It is a model that is particularly beloved of food and beverage companies – especially those selling high-calorie products – but the idea that weight management is a simple balance between the calories taken in through food and drink and those expended through physical activity increasingly is being called into question.
"This idea is completely false,” said Professor John Blundell of Leeds University, who presented a session at the ICN on Tuesday.
"Physical activity is not calorie expenditure converted into weight changes," he said. "Physical activity changes physiology to bring about important health changes, reducing blood pressure, heart rate, and plasma insulin, and increasing cardiovascular fitness which is more important than weight.”
He said that over 15 years, researchers have compared active and sedentary people of the same age, height and BMI.
“The active people can eat more without going into positive energy balance,” he said.
The trials involved supervised exercise programmes, burning 500 calories in five sessions a week at 70% maximum heart rate, and supervising food intake. Over a 12-week period, participants lost an average of 1 kg to 8 kg, although a small group of participants gained weight. However, all participants lost fat and gained fat-free mass.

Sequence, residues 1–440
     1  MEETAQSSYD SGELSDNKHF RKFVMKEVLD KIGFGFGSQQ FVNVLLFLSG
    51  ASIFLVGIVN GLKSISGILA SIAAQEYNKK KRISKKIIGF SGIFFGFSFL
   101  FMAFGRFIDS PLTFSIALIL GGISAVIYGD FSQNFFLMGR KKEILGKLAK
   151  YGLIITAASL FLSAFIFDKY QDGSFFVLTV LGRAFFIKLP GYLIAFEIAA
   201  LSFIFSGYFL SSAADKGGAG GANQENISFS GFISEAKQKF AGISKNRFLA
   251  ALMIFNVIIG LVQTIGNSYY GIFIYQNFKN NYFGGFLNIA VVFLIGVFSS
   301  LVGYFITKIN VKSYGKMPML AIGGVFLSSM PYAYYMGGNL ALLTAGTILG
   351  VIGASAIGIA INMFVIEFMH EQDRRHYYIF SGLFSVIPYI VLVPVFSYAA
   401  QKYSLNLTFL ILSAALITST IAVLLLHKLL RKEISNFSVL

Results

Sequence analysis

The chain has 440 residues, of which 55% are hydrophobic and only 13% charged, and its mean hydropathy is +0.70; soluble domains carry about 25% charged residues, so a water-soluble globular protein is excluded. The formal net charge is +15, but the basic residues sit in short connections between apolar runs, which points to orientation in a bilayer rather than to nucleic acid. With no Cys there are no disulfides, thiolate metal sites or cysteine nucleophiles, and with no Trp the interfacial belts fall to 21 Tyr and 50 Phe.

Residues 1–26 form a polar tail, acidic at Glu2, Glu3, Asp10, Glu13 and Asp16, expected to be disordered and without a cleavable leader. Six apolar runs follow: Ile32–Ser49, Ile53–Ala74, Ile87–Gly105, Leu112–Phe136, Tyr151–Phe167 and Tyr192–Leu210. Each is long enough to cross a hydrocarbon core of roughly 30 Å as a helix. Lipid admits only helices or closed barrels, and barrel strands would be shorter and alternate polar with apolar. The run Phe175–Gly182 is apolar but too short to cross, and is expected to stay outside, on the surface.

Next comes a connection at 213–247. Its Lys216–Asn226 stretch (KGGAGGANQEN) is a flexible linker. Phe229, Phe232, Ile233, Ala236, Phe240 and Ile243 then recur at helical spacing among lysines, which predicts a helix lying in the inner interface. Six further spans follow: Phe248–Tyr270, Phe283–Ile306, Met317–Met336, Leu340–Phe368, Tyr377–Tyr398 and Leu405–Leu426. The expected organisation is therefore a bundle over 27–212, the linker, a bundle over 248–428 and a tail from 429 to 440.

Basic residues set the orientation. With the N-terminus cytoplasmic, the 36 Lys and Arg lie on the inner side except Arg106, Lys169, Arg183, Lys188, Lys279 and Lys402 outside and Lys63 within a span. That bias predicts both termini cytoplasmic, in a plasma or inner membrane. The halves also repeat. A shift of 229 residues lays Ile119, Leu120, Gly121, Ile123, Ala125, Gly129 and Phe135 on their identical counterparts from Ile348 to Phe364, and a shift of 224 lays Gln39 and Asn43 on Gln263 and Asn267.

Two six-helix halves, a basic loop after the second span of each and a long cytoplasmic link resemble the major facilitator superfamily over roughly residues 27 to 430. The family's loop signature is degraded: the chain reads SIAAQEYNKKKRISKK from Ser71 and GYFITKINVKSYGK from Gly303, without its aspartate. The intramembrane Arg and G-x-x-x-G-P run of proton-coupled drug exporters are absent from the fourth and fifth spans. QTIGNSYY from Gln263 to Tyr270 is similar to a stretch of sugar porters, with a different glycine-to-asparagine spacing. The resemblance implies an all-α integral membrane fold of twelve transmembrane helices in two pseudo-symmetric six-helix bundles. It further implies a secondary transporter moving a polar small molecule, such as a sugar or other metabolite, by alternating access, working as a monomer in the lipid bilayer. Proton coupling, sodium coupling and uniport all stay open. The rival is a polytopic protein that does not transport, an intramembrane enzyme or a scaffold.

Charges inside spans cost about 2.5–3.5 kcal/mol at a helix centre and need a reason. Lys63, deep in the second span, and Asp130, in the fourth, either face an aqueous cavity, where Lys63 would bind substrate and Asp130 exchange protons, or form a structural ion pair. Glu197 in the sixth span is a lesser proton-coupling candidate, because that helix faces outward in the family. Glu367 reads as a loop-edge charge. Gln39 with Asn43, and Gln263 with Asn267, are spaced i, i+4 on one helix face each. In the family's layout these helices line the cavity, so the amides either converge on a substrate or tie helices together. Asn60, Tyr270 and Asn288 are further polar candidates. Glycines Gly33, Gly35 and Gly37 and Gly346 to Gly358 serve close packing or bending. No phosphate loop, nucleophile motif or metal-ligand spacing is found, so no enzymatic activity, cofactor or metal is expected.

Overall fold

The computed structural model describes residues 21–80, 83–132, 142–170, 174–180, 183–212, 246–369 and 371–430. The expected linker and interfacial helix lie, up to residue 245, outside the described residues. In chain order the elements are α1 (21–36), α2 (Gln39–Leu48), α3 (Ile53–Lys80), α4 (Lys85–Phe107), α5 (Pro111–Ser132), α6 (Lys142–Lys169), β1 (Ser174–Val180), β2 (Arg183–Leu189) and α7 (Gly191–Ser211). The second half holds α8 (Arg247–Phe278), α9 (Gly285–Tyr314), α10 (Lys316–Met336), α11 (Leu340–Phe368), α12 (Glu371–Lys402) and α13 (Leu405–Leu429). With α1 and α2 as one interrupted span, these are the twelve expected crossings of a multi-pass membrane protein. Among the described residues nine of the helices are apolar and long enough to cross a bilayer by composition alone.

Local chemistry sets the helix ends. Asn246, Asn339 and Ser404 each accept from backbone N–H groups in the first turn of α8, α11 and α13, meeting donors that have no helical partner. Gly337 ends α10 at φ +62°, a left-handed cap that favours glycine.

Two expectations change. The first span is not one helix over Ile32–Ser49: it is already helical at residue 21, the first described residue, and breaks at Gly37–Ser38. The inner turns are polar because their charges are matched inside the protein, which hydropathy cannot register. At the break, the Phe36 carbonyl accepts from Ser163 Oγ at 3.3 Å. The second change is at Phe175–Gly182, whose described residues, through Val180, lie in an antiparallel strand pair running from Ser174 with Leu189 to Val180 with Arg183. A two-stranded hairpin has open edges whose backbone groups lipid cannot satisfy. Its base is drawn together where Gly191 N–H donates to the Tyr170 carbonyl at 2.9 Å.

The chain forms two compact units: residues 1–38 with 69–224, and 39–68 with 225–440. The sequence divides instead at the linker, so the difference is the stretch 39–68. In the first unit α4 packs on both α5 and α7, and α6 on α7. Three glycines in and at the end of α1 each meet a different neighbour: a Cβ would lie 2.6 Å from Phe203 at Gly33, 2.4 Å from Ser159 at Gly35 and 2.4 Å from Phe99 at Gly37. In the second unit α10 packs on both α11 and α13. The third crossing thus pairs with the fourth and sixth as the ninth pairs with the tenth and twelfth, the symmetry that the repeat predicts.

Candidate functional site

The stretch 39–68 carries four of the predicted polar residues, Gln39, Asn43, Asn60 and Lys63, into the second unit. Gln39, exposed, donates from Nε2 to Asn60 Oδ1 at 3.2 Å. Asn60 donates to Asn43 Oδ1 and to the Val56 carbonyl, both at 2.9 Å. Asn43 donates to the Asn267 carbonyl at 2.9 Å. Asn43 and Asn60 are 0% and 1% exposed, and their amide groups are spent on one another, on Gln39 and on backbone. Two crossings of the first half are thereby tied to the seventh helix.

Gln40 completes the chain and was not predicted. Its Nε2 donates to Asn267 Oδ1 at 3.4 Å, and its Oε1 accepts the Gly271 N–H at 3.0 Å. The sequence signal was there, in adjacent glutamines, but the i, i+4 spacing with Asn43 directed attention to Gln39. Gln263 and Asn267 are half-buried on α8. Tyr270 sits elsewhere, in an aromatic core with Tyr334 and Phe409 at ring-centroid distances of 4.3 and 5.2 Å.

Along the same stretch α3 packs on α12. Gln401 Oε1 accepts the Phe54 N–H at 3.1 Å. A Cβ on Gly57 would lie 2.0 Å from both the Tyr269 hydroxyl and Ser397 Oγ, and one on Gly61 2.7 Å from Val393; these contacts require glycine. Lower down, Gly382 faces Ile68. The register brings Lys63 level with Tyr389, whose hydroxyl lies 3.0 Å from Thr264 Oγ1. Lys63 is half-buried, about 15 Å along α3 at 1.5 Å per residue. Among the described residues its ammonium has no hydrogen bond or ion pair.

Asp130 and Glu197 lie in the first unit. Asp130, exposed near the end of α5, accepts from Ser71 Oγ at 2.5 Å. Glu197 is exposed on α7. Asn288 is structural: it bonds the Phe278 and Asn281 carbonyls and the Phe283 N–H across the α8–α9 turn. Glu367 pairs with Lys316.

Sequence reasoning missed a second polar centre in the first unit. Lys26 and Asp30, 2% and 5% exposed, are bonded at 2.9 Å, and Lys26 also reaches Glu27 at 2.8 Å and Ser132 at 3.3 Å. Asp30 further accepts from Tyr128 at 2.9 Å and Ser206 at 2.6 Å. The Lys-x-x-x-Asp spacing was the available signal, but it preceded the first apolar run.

David Allison of the University of Alabama, Birmingham in the United States also aimed to challenge preconceptions of the calories in vs. calories out equation in a presentation on Tuesday.
“You can’t do just one thing to change energy balance, because as soon as you do, something else happens so you end up doing two or more,” he said.
He highlighted some of the ‘myths’ surrounding the idea of energy balance, including the belief that cutting 100 calories a day, or 3,500 calories over 35 days, will lead to weight loss of one pound (about half a kilo). Allison pointed out that as people lose weight, their caloric needs reduce.
Additionally, eating higher calorie meals at restaurants does not necessarily lead to weight gain as people tend to compensate by eating less the day before or after the higher calorie meal, or by exercising more.
“In reality, people compensate for about two thirds of change to energy balance,” he said, by eating more if activity increases or reducing food intake if activity decreases.